Mashatu – morning game drive

Mashatu Nature Reserve is a private game reserve in the Tuli Bloc and is located in the south east corner of Botswana. It is a place of great contrasts and offers an unusual and remarkable diversity of ecosystems and wildlife.

Our family is fortunate to be part of a closed syndicate whose camp is located along the Limpopo river in Mashatu. The camp is positioned next to a large outcrop of rocks which gives the camp its name.

“We live in deeds, not years: in thoughts, not breaths;
In feelings, not in figures on a dial.
We should count time by heart-throbs. He most lives
Who thinks most, feels the noblest, acts the best.” ~ Philip James Bailey

Everyday, weather allowing, we go out on two guided game drives, one in the morning and one in the afternoon. In this post I decided to show the eclectic mix of sightings we were privileged to see on just one morning game drive. Each game drive provides wonderful photographic opportunities and the chance to be immersed in the bush with all its colours, sounds and smells. No game drive is ever the same. You see different wildlife in different places doing different things each time.

In summer, we gather on the veranda of the camp’s main lodge for a cup of coffee and a rusk at around 5h30. We are on the game vehicle and off out of the camp by 6h00. It is light by then and affords us approximately four hours on the game drive.

“The world is a great book, of which they that never stir from home read only a page.” ~ St. Augustine

This particular morning we had been travelling for about 15 minutes and were near the landing strip when we came across a clan of Spotted hyaenas. The clan has a den in the rocks near the camp so we hear them most nights with occasional visits by them while we are telling stories around the camp fire after supper.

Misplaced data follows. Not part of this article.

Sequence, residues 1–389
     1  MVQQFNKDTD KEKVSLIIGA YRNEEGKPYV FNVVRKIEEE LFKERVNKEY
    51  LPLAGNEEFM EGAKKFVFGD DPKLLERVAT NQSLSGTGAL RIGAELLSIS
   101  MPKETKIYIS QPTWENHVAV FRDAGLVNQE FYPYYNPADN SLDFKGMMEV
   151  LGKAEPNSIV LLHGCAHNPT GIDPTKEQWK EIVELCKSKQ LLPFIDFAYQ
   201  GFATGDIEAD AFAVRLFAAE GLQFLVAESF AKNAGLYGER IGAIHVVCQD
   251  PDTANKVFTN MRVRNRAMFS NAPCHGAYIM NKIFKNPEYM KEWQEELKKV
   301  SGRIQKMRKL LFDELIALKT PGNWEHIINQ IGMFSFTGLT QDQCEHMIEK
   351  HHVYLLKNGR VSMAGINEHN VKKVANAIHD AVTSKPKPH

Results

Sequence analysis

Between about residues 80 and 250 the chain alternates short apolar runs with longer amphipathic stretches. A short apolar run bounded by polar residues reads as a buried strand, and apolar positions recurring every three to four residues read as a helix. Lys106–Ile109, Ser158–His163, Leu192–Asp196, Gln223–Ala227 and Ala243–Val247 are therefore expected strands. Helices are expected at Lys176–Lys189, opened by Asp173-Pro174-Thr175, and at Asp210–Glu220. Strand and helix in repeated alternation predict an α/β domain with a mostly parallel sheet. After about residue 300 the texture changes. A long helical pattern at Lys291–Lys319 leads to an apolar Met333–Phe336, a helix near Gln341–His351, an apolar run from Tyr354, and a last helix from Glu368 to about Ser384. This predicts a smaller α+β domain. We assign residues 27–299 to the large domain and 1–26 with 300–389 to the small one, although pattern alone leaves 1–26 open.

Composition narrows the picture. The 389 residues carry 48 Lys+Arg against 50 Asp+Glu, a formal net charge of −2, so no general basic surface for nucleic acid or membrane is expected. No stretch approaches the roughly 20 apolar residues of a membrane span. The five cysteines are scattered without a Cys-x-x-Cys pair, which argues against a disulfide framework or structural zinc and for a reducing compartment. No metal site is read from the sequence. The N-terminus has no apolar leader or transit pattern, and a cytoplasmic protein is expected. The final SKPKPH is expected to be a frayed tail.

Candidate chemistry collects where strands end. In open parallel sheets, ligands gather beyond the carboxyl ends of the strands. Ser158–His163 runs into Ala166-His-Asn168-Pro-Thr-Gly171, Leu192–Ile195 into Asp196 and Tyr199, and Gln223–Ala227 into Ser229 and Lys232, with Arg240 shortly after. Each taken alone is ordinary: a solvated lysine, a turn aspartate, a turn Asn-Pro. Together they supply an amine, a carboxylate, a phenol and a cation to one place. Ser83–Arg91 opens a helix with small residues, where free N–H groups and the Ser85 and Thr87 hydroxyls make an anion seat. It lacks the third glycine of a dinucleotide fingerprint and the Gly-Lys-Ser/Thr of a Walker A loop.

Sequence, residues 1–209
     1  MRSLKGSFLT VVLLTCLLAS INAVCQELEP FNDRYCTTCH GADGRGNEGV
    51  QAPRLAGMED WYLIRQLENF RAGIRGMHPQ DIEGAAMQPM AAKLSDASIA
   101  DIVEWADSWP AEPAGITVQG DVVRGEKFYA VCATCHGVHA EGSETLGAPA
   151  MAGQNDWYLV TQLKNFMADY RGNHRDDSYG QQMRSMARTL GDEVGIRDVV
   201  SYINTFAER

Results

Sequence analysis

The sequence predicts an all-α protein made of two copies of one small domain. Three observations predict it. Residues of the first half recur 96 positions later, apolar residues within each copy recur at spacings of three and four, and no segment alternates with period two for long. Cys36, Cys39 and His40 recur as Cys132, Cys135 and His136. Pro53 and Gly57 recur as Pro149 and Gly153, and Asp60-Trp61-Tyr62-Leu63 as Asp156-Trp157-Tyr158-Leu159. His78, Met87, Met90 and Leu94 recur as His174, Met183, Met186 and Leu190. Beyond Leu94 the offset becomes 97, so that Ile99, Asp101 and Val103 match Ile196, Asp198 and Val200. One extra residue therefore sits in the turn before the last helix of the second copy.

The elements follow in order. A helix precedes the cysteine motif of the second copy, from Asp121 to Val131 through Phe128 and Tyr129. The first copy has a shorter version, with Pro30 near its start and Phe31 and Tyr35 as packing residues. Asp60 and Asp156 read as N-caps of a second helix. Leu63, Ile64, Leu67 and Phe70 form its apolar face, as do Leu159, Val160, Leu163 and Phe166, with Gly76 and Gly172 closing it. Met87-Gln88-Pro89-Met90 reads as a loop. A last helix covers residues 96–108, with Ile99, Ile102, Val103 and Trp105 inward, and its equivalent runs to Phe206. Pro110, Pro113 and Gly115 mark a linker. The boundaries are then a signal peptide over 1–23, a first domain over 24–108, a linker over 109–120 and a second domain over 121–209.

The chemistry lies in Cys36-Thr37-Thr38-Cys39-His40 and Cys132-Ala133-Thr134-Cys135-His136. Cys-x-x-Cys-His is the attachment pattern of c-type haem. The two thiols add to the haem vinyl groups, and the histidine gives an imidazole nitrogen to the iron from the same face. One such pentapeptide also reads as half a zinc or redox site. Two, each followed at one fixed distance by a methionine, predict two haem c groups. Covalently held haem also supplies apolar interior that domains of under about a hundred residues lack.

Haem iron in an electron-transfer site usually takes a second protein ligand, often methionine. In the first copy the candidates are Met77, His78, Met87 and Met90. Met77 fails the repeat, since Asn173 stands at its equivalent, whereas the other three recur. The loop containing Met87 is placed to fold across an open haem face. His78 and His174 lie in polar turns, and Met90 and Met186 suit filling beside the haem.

The adults in the clan were still out hunting at first light.

The adult hyaenas picked up on a smell of the remains of a kill the night before perhaps from a leopard or lion. The older members of the clan have a well worn muzzle which gives them an even more unnerving look.

Very close to where we saw the hyaenas, who eventually found a few remaining bones from the carcass, a herd of blue wildebeest were watching the hyaena with interest as they had young among them. A group of the young bulls started advancing towards the hyaenas but were careful not to get too close.

We travelled further north above the vlei (marsh) where we found a family of Bat-eared foxes enjoying the warmth of the early morning sun.

The Bat-eared foxes were skittish so we did not try to get too close to them. This is where the long focal length lenses help.

“We are all too much inclined, I think, to walk through life with our eyes shut. There are things all round us and right at our very feet that we have never seen, because we have never really looked.” ~ Alexander Graham Bell

One of the Bat-eared foxes was watching a Steppe buzzard intently.

This Steppe buzzard which was the focus of the Bat-eared fox’s attention looked to have found a grasshopper or field mouse which it was feeding on.

Another Steppe buzzard had just taken off with its tail and wing feathers spread wide for maximum lift at low speed. Steppe buzzards are summer migrants like the Lesser Spotted and Wahlberg’s eagles.